Commercial real estate trends 2022
Published on July 11, 2022 by Hina Singhal
Commercial real estate trends 2022
Each year brings fresh uncertainties, surprises and elements that drive the economy and the industries. For the commercial real estate (CRE) industry, 2022 marks a year of hope and recovery. While the industry was resilient to the worst pandemic ever, its growth trajectory this year will likely be a function of how effectively it manages the expectations of a new normal — fluctuating priorities and operations of businesses.
CRE and investment types
A property used for commercial purposes is categorised as CRE. Five major CRE classes spawn large investment capital — retail, multi-family, hospitality, office and industrial, with the types of investment categorised into direct and indirect. Direct investment entails investment made directly to buy a property, while indirect investment encompasses investment made through real estate investment trusts, which own and operate multiple CRE properties, or commercial-mortgage-backed securities (CMBS) — fixed income mortgage products backed by CRE.
Factors and trends likely to dictate the growth of the CRE industry
The COVID-19 pandemic has validated the resilience and adaptability of all the sectors. However, each sector is unique and, hence, the impact of market dynamics differs. While all sectors ultimately overcame everyday hurdles posed by the pandemic, the retail sector had to devise new, innovative means to come out trumps. Retailers were forced to think outside the box for survival, as well as discover new ways to connect with or serve their customers online. If this wasn’t enough, technological disruption threw a massive challenge at most retailers. Unsurprisingly, the online channel exploited the situation, growing in stature as global lockdowns compelled consumers to shun brick-and-mortar stores in favour of the digital conduit. Highlights include:
- Adaptability and flexibility: These factors proved to be key to recovery and will likely shape future growth. Retailers need to be nimble-footed to make swift changes to their strategy to be able to sway to evolving consumer demands.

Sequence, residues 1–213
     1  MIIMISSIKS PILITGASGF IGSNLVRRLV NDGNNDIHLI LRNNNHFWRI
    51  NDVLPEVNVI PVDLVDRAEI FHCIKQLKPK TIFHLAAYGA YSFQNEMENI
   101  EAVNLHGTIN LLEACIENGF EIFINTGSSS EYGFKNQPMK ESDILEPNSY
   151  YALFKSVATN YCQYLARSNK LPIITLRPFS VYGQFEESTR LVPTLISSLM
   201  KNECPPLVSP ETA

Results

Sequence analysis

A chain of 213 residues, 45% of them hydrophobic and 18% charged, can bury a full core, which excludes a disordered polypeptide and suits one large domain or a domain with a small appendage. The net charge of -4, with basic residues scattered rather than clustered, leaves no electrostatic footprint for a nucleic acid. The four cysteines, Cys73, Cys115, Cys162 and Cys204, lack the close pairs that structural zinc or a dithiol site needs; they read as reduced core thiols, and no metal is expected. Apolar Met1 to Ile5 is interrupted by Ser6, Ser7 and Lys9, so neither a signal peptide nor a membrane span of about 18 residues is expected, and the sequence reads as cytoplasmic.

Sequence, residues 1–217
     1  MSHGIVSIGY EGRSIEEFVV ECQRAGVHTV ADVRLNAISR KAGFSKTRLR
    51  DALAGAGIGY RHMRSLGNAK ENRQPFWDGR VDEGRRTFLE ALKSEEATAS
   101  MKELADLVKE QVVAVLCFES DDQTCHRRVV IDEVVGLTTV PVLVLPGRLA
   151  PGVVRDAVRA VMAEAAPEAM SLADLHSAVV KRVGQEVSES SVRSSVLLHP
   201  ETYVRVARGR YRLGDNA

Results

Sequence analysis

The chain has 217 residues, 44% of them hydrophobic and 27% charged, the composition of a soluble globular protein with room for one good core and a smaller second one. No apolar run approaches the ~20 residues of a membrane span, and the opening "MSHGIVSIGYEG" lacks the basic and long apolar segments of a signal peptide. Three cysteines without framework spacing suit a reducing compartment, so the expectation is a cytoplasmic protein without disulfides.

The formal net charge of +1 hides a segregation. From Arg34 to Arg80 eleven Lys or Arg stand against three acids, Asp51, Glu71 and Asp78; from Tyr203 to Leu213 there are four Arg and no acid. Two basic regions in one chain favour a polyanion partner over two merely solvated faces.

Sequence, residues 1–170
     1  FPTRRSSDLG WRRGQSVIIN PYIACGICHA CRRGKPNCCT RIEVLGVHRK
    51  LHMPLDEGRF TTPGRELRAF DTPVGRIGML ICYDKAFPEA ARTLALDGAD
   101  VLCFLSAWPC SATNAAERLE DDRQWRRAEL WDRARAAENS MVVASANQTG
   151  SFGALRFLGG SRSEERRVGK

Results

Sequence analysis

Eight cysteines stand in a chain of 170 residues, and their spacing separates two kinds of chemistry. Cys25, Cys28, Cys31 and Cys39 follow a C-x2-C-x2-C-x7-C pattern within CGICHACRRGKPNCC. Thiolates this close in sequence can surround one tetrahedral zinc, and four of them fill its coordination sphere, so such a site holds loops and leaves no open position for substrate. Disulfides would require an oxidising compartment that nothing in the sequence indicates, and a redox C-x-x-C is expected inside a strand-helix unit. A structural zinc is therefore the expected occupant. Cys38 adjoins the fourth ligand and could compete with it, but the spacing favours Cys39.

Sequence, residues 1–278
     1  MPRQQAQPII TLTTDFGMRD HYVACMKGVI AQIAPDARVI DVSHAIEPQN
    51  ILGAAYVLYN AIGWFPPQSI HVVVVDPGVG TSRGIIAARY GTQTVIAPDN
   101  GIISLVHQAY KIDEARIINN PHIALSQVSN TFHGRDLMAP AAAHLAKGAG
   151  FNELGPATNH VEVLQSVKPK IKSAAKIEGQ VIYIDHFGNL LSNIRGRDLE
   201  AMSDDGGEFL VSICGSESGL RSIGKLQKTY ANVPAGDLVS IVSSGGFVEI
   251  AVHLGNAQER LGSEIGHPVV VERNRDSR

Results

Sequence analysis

- Technology: Retail must embrace technological changes, as consumers have inculcated the habit of shopping at their convenience. Although physical stores have their vantage, online will likely drive a good share of growth this year. Having said this, a growing number of retailers are taking shelter in technology, offering digital payment options and virtual product experience, as well as reviewing their inventory online.
From an investor’s standpoint, grocery-anchored stores and dollar stores will likely yield optimum returns, more than those of traditional shopping centres and high-street retail.
Another sector whose fortunes may reverse compared to the last two years is the Hospitality sector, unless a new event halts its growth. Travel restrictions for much of the last two years have created pent-up demand. Having survived the toughest setback, markets are experiencing decent occupancy, and with summer just beginning, the numbers are likely to soar. Key future trends in the Hospitality sector include the following:
- Leisure hotels will likely recover faster than business hotels, as business and international travel is recovering slowly.
- Technology will likely play a key role. As per PwC, above 80% of travellers are looking for improved digital customer experience.
- Mask enforcement and other hygiene-related factors are likely to influence travellers’ choice of accommodation.
- Labour shortage is likely to be the key constraint for the industry given owners had trimmed their staff, who may have moved to alternative employments.
- A new variant and health/safety concerns may impede the recovery rate of the sector.
- Supply should be decent, as a good number for hotels that folded operations during the pandemic may intend to enter the market again.
The Industrial sector not only sustained strong momentum amid the pandemic, but gained more muscle. A surge in consumer demand fuelled online spending, increasing the need for storage space. Supply chain bottlenecks this year due to Brexit, the Russia-Ukraine war, parts shortages, higher shipping costs and elevated demand may cripple the industry. Key future trends in the segment include: